The Range of Cover Art: Gail Carriger’s Changeless

Good morning, Gentle Reader.

Today I thought it might be fun for you to see the range of cover art that my book Changeless got over the course of its publication. Changeless originally released on this date 7 years ago.

Here’s a picture of Changeless (original mass market) in my office with a thistle teacup, because it takes place in Scotland.

The Cover of Changeless

Here we go…

First off, on the left is the original mass market paperback as produced April 4, 2010. Next to it I have the Polish version so you can see how a foreign publisher might tweak the cover for their market.

Here on left is the Japanese translation version, this is the smallest of my books. It’s about the size of a 3X5 card. Next to it is the manga adaptation of Changeless, called Soulless Vol. 2.

Here are the two German versions. The first was a limited run collectable hardcover, the second is the original paperback translation.

Aside from Germany (and the pocket edition in France, which re-uses the German cover art) and Japan, every other foreign publisher chose to do a take on the original cover image for their translations. This is pretty unusual and rather flattering.

The first three Parasol Protectorate audiobooks were produced by Recorded Books (not Hachette Audio) so they got different covers too.

There it is. What do you think of the different covers? Anything surprise you? Any one you really love?

Praise for Changeless

  • Talk Supe says: “Carriger’s wit is incomparable, the books have a sheen of silliness to it, but the characters deliver their crazy lines in straight faces (I’d imagine) and in such a matter-of-fact way, I have to double back several times just to make sure they’re serious. I mean Ivy’s hats and outfits alone turns haute couture on its head!”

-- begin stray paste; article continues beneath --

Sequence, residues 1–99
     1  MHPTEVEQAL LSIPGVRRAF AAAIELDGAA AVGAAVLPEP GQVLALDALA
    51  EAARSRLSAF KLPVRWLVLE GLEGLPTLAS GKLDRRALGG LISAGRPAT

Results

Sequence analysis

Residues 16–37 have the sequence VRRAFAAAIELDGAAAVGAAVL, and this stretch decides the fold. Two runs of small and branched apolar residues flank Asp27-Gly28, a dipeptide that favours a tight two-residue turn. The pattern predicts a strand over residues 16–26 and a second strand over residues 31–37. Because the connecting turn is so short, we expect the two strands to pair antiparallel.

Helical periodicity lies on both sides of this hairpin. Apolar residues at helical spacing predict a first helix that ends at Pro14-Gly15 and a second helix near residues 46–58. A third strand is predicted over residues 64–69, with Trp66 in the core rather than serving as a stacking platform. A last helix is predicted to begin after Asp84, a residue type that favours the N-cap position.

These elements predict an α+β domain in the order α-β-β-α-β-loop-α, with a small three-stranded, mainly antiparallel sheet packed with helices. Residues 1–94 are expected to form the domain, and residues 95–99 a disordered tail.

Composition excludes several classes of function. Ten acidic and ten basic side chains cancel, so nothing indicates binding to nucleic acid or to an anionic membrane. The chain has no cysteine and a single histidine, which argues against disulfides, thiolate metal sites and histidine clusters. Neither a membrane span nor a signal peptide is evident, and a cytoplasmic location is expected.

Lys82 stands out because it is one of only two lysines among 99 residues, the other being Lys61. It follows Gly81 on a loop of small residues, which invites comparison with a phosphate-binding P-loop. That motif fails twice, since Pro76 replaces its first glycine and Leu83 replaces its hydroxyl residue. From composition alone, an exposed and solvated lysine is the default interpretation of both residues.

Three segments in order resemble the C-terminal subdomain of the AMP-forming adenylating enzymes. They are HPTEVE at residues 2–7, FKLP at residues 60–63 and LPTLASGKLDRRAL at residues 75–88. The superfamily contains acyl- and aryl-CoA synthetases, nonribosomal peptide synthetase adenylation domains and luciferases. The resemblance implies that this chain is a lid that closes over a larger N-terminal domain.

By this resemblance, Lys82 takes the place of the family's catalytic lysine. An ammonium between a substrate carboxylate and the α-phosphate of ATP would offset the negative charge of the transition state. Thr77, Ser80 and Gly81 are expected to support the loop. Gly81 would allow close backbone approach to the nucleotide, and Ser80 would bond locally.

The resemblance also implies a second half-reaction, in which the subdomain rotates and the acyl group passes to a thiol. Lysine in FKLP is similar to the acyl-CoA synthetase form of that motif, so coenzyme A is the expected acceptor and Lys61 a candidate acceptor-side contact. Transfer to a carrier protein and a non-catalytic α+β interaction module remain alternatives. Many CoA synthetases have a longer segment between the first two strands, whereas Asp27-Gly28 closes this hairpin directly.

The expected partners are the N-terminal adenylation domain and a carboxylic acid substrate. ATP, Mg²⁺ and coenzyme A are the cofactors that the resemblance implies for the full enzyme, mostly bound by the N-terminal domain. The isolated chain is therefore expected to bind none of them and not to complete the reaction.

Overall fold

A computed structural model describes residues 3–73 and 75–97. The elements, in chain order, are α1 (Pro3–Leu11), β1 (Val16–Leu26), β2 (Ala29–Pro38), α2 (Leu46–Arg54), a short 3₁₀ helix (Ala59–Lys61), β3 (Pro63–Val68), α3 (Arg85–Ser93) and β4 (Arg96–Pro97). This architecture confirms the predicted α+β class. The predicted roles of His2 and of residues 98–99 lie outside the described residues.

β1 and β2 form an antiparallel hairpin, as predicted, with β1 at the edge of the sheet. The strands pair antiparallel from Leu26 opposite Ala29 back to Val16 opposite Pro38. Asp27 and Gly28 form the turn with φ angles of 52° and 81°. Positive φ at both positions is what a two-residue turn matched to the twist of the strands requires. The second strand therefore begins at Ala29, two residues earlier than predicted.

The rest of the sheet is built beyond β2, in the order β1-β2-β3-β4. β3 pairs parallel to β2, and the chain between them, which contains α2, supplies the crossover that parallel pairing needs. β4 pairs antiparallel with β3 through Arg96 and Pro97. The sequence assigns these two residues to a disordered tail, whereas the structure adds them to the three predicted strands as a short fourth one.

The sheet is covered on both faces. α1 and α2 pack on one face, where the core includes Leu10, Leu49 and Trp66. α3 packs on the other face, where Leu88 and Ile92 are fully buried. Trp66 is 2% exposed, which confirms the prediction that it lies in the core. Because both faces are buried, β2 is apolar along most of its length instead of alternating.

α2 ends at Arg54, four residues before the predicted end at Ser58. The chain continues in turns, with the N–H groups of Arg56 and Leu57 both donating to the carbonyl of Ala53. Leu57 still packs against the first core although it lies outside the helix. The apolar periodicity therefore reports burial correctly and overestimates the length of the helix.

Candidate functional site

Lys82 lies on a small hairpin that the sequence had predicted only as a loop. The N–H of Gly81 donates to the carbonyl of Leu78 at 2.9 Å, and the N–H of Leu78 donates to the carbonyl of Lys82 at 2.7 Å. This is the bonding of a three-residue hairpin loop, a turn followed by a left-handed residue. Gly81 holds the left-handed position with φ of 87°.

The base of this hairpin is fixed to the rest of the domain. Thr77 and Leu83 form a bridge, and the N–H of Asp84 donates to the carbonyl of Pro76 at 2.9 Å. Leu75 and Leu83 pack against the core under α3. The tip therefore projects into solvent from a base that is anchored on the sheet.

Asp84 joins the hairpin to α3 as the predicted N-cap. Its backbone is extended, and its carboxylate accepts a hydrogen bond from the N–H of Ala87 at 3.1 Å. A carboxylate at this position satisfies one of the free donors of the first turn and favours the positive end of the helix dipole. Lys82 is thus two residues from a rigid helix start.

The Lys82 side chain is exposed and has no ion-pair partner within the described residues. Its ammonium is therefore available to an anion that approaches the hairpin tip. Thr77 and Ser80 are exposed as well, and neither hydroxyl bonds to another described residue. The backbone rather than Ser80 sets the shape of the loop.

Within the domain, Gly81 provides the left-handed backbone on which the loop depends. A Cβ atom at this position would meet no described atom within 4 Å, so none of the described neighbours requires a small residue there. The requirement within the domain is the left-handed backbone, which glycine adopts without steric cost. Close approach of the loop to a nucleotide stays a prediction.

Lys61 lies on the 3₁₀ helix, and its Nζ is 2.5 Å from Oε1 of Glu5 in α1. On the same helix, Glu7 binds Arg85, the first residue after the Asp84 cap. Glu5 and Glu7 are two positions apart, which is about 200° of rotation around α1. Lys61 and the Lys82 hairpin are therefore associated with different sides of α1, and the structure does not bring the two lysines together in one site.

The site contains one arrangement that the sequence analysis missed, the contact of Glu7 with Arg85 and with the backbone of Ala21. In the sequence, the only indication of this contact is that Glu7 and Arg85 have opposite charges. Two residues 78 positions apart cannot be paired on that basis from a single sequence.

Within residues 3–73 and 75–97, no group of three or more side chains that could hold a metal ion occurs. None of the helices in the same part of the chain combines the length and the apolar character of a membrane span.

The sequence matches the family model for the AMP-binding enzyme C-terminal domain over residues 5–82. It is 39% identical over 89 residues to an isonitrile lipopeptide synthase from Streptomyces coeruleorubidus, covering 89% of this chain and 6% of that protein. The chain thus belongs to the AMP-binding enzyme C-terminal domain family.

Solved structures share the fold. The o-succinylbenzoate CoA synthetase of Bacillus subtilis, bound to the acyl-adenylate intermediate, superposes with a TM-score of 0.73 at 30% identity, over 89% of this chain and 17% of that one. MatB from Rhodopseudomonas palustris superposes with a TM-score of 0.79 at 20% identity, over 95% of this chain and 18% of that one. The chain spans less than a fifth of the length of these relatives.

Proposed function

• Bookish Things and More says: “I think this one may be one of my favorite in the series.”
  • Keep Calm with Coffee & Books says: “It continues to impress me how integrated the supernatural and Victorian customs are. I continue to enjoy that aspect of the story. The writing is fabulous and some of the lines had me in stitches.”
  • The Infinite Curio says: “Gail Carriger has a talent for creating intriguing lore and weaving it into the plot.”
  • Ramblings on Readings says: “Gail Carriger writes some of the wittiest dialogue, and she has very clever ideas about the supernatural. I will never tire of her writing, and I so look forward to reading the rest of the series.”
  • My Thoughts…Literally says: “I love the way this series effortlessly combines steampunk and supernatural elements into a historical setting and that’s exactly how I felt here. In particular, the steampunk elements were turned way up. There was much more talk about technology and inventions here (hello, Vieve was there) which was really cool.”

Elizabeth Tyree has a book chat:

“Gail Carriger’s writing style is just amazing. I love the sass and the way sentences are put together. It’s a great deal of fun.”

{Gail’s monthly read along for April is Brother’s Ruin by Emma Newman.}

Want more behind the scenes sneak peeks? Join the Chirrup


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Questions about Gail’s steampunk world? There’s a wiki for that!
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Posted by Gail Carriger

2 Responses

  1. Terry said:

    I’ve always wondered about the oddly strained postures and stiff expressions of the women on the US covers. Curious about what drives those choices?

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